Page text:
Last month, the mayor of the District of Columbia signed a near-total ban on noncompete provisions used by D.C. employers to protect their business interests. We have previously written about a possible federal noncompete ban and indications that states are moving in the same direction. The new D.C. law will raise a number of questions that may not be resolved until courts sort through many difficult enforcement issues arising out of the language. The bill has been sent to Congress for required approval (because D.C. is not a state) and is expected to take effect in mid-March.
The ban will apply to employers “operating” in the District of Columbia (other than the D.C. or federal governments), who have at least one employee. That’s right, one employee is enough. Covered employees are those “who perform work in the district on behalf of an employer” and the ban will also apply to a prospective employee whom an employer “reasonably anticipates” will perform work in D.C. There are limited exceptions, including licensed physicians earning at least $250,000 per year and lay members of religious organizations engaged in religious functions.
The scope of the noncompete ban will be very broad, prohibiting restrictions imposed in noncompete agreements as well as workplace policies that apply both to current employment as well as post-employment conduct. For example, the ban will prohibit a more typical noncompete that kicks in once employment ends. But it will also prohibit employers from enforcing policies that prohibit current employees from moonlighting with another employer or from operating their own business while employed. That is an extraordinary reach that could interfere with what most employers believe is a basic employee duty – to give their full time and attention to the interests of the employer while on the job. At least the legislation will have a carve-out permitting prohibitions on the disclosure of confidential, proprietary or sensitive information or trade secrets, and noncompete provisions applicable to the seller of a business. There is no provision excluding nonsolicitation protections from the ban, but we expect that those will also be permitted.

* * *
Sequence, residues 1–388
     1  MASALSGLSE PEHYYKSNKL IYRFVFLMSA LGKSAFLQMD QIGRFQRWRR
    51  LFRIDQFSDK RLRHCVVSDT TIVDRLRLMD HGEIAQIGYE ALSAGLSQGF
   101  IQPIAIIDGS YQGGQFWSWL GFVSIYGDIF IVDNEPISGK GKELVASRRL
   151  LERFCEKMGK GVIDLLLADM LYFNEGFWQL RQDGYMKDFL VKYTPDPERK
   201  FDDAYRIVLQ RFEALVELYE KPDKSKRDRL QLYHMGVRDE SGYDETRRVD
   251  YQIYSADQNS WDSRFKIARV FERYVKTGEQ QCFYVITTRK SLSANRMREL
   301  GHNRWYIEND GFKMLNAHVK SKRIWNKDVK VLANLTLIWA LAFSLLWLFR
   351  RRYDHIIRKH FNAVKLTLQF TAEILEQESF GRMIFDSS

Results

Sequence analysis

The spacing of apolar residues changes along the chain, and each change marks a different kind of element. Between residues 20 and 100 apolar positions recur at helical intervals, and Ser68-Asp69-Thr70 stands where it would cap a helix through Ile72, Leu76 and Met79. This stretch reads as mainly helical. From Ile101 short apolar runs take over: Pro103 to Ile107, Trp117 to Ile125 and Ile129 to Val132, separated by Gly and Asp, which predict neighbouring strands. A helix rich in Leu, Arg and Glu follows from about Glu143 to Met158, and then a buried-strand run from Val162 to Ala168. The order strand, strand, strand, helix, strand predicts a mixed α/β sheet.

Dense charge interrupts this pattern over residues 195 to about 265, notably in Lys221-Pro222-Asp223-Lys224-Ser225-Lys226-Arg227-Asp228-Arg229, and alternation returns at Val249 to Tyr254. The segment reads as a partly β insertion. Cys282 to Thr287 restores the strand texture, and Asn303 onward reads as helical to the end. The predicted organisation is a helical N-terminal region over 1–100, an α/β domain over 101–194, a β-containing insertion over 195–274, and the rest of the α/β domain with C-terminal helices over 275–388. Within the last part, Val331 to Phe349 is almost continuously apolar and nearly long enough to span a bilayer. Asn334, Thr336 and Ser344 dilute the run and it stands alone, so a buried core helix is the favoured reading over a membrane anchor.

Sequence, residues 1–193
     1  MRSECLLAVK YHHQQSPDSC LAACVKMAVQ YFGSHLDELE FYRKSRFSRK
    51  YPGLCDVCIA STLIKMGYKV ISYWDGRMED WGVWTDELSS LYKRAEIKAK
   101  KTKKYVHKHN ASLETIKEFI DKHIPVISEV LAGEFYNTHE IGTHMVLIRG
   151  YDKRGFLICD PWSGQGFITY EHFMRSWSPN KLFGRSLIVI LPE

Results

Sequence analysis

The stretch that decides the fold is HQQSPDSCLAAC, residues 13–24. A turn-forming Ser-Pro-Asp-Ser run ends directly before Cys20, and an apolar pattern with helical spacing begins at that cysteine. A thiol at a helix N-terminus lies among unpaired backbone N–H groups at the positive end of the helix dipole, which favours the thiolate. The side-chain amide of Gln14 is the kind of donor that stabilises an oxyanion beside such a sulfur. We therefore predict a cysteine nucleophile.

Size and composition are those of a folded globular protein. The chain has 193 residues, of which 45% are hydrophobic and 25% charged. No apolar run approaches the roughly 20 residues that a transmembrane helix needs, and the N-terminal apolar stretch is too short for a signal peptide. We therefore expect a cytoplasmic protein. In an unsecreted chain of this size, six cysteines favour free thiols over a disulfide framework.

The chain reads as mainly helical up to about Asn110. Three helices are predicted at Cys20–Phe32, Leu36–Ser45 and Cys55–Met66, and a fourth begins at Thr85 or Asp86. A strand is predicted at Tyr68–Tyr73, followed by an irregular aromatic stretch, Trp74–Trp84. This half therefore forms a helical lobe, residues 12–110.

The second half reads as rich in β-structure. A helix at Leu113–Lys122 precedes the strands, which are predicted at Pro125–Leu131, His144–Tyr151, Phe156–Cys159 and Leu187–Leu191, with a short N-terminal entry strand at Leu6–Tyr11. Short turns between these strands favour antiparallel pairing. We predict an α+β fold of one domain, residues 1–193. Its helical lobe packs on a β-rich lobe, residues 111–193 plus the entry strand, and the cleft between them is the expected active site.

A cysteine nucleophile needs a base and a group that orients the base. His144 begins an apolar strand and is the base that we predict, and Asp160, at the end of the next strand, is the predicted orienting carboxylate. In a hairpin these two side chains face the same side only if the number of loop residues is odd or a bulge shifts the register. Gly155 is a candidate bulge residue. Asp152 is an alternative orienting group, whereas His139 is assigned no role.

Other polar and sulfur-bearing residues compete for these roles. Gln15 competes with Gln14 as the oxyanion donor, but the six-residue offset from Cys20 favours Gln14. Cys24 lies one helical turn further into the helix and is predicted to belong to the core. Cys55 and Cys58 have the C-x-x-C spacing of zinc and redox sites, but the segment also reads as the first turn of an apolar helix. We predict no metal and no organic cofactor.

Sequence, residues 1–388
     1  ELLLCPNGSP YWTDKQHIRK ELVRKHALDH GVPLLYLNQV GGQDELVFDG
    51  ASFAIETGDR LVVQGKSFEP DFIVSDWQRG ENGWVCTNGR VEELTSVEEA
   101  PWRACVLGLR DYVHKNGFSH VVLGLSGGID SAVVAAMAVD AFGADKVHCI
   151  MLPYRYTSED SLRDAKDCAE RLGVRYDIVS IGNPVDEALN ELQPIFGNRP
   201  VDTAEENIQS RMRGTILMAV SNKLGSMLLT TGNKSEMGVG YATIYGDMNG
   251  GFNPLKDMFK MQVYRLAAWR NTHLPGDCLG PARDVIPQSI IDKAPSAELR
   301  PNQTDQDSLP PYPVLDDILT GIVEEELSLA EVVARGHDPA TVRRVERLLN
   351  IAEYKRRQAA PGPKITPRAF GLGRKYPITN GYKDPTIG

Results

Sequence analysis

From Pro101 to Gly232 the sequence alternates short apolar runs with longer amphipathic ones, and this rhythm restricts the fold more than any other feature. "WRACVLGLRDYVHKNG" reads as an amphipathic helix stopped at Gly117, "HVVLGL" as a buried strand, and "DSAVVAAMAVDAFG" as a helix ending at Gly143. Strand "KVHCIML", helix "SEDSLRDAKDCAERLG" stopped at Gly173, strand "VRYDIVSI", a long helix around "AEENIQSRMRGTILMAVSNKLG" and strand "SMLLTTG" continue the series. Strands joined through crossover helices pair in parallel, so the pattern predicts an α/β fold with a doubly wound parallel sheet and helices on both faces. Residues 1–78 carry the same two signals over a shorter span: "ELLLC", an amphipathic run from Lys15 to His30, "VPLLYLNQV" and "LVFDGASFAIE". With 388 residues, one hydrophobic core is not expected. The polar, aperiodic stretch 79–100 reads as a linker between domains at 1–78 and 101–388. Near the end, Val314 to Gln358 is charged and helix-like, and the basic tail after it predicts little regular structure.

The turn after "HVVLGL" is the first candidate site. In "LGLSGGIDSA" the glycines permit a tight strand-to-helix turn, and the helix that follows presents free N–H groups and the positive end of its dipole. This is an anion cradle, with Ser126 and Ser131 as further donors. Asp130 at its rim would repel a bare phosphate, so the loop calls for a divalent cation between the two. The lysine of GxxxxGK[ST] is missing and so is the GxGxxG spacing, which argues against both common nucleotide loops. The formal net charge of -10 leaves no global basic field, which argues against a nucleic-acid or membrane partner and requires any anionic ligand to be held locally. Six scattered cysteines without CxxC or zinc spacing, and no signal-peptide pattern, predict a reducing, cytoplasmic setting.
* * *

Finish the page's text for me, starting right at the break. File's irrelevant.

While the law will “only” ban noncompete agreements entered into on and after the law’s effective date, it does not provide the same clarity about workplace policies that ban working for another person or operating an employee’s own business.
The new D.C. law will ban retaliation against employees who refuse to agree to noncompete provisions and who complain about noncompete provisions or restrictive workplace policies. It also prescribes administrative penalties for employer violations and mandates written notice to employees.
Several questions about the language immediately come to mind. For example, an employee is someone who “performs work in the district on behalf of an employer.” Similarly, an employer is someone “operating in the district.” Given the close proximity of Maryland and Virginia to the District of Columbia, there are many employers based in those states whose employees “perform work” in D.C. Think, for example, of a salesperson based in Maryland who calls on clients in the district. Will that salesperson automatically be covered by the new law or will that depend on how often the employee visits D.C., how long the visits last or other factors? There also will be questions about what conduct is covered by the ban. For example, it bans agreements or policies that “prohibit” an employee from simultaneously or subsequently working for another. What about employer provisions that limit, but do not prohibit, that work?
We will keep an eye on this development and provide further analysis as the guidance becomes available.